Harry Potter and the Ridiculous Non-Review Reviews

There are many things that might be said about the Harry Potter phenomenon. I’d like to draw attention to one of the more ridiculous–the collective refusal of reviewers to actually review the book. To review a book you must talk about it; you must discuss its major plot points and twists. Ah, but in the special case of Harry Potter, such things are dubbed “spoilers,” and the conventional wisdom, as typified by one blogger, is that to mention these unmentionables is “bad form.”

Can one discuss The Lion, the Witch, and the Wardrobe without mentioning Aslan’s sacrifice? Can one discuss The Lord of the Rings without mentioning Frodo’s desire at the end to keep the ring, and the role of Gollum in bringing about its destruction? Can one discuss Moby Dick without mentioning that the whale gets Ahab in the end?

So any discussion of the Harry Potter books, and Harry Potter and the Deathly Hallows in particular, must discuss the critical point that Harry does indeed turn out to be a “horcrux” (unknown to Voldemort), and that he must offer himself willingly in sacrifice, and be killed, before he can come back from the dead and defeat Voldemort. It’s the patristic Christus victor theme redivivus.

In light of this–and only in light of this–can we have a serious discussion of whether J. K. Rowling is endorsing witchcraft and paganism (as some Christian critics claim) or whether she writes as someone with a Christian worldview, indebted to other Christian fantasists such as C. S. Lewis and J. R. R. Tolkien.

A Time magazine article, though, suggests that she leaves out an important character, who is included in the works of Lewis and Tolkien: God.

What does Harry have instead of God? Rowling’s answer, at once glib and profound, is that Harry’s power comes from love. This charming notion represents a cultural sea change. In the new millennium, magic comes not from God or nature or anything grander or more mystical than a mere human emotion. In choosing Rowling as the reigning dreamer of our era, we have chosen a writer who dreams of a secular, bureaucratized, all-too-human sorcery, in which psychology and technology have superseded the sacred.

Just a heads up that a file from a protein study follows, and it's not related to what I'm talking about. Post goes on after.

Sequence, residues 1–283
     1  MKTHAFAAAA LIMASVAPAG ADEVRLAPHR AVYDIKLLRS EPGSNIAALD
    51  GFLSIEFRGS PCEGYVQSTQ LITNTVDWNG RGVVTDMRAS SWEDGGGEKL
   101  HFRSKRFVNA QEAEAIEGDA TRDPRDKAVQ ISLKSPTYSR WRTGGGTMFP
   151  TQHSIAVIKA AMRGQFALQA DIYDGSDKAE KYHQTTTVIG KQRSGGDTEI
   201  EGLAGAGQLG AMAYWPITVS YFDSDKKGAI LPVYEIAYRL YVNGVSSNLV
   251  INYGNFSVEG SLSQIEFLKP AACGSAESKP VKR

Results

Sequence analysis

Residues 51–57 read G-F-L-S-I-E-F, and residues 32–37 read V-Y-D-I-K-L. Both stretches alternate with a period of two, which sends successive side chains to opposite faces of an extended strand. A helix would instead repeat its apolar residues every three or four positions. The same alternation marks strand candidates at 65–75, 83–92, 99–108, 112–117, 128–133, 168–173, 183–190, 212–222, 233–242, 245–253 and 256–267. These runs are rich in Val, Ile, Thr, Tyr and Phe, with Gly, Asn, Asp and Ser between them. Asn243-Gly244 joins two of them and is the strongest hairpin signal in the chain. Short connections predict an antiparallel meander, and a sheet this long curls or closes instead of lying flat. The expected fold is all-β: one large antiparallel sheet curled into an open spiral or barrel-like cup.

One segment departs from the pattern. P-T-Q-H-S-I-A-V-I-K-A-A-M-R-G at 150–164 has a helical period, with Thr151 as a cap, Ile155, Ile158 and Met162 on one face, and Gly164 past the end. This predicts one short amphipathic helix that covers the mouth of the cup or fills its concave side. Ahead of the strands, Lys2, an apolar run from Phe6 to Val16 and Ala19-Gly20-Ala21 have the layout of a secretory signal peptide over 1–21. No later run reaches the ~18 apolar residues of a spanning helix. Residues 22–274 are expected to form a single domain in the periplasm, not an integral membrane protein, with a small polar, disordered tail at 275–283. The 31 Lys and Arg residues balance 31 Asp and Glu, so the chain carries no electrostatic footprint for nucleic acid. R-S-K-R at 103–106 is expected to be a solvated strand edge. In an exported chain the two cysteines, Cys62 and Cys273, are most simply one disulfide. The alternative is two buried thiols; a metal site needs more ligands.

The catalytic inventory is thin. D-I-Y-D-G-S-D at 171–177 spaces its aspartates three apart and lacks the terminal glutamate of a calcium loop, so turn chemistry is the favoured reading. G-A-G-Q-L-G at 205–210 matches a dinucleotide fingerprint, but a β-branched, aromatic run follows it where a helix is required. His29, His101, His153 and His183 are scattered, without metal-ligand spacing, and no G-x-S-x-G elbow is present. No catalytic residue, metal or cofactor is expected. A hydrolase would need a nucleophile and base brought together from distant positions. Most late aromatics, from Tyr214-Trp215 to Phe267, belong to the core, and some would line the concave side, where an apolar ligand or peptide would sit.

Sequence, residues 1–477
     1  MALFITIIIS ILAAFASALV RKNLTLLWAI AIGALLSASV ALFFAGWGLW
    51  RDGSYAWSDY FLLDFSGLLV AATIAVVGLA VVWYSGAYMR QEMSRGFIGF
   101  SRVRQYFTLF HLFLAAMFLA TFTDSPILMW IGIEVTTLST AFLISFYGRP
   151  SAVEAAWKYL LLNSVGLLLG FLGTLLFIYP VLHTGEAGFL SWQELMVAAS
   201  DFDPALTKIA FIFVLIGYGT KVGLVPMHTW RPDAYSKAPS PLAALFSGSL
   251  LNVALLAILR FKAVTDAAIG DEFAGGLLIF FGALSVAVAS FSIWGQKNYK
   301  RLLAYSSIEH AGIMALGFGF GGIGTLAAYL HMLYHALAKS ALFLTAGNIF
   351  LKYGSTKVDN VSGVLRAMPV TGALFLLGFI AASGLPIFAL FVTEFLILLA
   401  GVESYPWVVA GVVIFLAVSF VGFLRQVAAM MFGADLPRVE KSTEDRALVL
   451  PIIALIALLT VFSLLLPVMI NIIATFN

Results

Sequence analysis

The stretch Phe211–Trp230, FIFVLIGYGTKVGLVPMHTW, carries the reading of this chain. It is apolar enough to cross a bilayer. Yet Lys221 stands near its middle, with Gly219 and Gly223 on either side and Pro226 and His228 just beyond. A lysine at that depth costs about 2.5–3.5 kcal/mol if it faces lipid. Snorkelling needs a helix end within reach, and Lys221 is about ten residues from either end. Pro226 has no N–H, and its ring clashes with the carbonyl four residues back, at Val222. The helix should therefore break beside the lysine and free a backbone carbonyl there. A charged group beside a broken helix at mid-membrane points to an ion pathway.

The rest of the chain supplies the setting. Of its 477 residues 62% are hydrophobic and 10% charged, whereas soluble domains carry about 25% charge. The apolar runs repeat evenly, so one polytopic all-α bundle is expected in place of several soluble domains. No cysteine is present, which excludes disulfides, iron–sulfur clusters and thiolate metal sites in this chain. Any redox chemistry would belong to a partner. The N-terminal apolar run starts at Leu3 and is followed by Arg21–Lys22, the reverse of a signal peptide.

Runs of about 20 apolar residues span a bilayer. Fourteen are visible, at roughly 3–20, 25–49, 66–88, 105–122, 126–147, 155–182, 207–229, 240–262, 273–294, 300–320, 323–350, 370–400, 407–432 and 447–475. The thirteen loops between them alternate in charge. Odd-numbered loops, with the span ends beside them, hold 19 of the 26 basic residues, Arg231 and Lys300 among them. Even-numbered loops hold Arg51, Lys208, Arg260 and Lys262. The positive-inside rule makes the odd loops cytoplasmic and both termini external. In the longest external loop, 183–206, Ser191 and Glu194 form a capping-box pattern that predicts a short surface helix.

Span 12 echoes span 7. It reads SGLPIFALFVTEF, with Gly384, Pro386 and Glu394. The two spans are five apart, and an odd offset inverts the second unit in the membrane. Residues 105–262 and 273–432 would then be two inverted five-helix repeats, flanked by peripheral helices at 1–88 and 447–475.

But is love just a human emotion for Rowling, or does she have the Bible in mind (“God is love”)? Is it by accident that Harry and Hermione go to Godric’s Hollow (Harry’s birthplace) and enter a churchyard on Christmas Eve, and that the graves have Biblical quotes (“Where your treasure is, there will your heart be also,” and “The last enemy that shall be destroyed is death”)? And what of her use throughout the series of the phoenix–a bird that, in legend, dies and rises, and so was a symbol of Christ since the Patristic period? (More on that here).

The gauntlet is thus thrown down. The comments box is open.

9 thoughts on “Harry Potter and the Ridiculous Non-Review Reviews

  1. I haven’t had much interaction with Harry Potter but don’t think it’s some great threat to Christianity. We need to be able to teach kids the difference between fiction and reality. It doesn’t seem like Harry Potter is much different than Greek Mythology which all students study without the same uproar.

    My problem is that I’m so unaware of the terminology that I can’t even begin to understand the plot. I checked out Wikipedia’s summary of the book which was unintelligible because I don’t understand all the Hogwarts, etc.

  2. It is a complex world she’s created, to which each successive book contributes–and the seventh one ties together details from them all.

    Many of the details are drawn from classical mythology and from medieval symbolism. Some are drawn from British culture. Hogwarts, for instance, is based on Ampleforth College, a Benedictine boarding school which her cousin attended, taking the train from home; it is divided into houses which compete against each other in sports.